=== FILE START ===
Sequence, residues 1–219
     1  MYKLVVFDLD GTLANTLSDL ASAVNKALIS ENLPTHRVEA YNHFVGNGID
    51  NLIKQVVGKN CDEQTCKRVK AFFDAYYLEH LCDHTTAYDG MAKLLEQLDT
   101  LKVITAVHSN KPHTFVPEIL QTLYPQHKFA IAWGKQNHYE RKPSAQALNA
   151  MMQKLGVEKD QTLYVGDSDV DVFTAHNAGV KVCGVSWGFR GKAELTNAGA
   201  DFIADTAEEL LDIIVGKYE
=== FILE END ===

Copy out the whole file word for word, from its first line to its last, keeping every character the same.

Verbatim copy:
Sequence, residues 1–219
     1  MYKLVVFDLD GTLANTLSDL ASAVNKALIS ENLPTHRVEA YNHFVGNGID
    51  NLIKQVVGKN CDEQTCKRVK AFFDAYYLEH LCDHTTAYDG MAKLLEQLDT
   101  LKVITAVHSN KPHTFVPEIL QTLYPQHKFA IAWGKQNHYE RKPSAQALNA
   151  MMQKLGVEKD QTLYVGDSDV DVFTAHNAGV KVCGVSWGFR GKAELTNAGA
   201  DFIADTAEEL LDIIVGKYE